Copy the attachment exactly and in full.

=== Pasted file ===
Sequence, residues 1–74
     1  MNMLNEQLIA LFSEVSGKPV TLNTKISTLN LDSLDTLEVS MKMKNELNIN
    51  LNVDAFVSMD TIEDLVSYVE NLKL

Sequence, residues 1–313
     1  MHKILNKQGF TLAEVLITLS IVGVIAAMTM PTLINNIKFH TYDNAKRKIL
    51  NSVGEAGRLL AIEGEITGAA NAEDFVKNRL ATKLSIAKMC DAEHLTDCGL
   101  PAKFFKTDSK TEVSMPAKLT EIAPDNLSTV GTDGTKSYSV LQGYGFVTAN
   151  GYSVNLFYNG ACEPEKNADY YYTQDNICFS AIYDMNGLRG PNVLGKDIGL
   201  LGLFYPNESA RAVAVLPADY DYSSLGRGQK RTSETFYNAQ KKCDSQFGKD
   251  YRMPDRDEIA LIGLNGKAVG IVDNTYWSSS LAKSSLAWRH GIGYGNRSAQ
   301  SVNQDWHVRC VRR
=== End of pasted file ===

Sequence, residues 1–74
     1  MNMLNEQLIA LFSEVSGKPV TLNTKISTLN LDSLDTLEVS MKMKNELNIN
    51  LNVDAFVSMD TIEDLVSYVE NLKL

Sequence, residues 1–313
     1  MHKILNKQGF TLAEVLITLS IVGVIAAMTM PTLINNIKFH TYDNAKRKIL
    51  NSVGEAGRLL AIEGEITGAA NAEDFVKNRL ATKLSIAKMC DAEHLTDCGL
   101  PAKFFKTDSK TEVSMPAKLT EIAPDNLSTV GTDGTKSYSV LQGYGFVTAN
   151  GYSVNLFYNG ACEPEKNADY YYTQDNICFS AIYDMNGLRG PNVLGKDIGL
   201  LGLFYPNESA RAVAVLPADY DYSSLGRGQK RTSETFYNAQ KKCDSQFGKD
   251  YRMPDRDEIA LIGLNGKAVG IVDNTYWSSS LAKSSLAWRH GIGYGNRSAQ
   301  SVNQDWHVRC VRR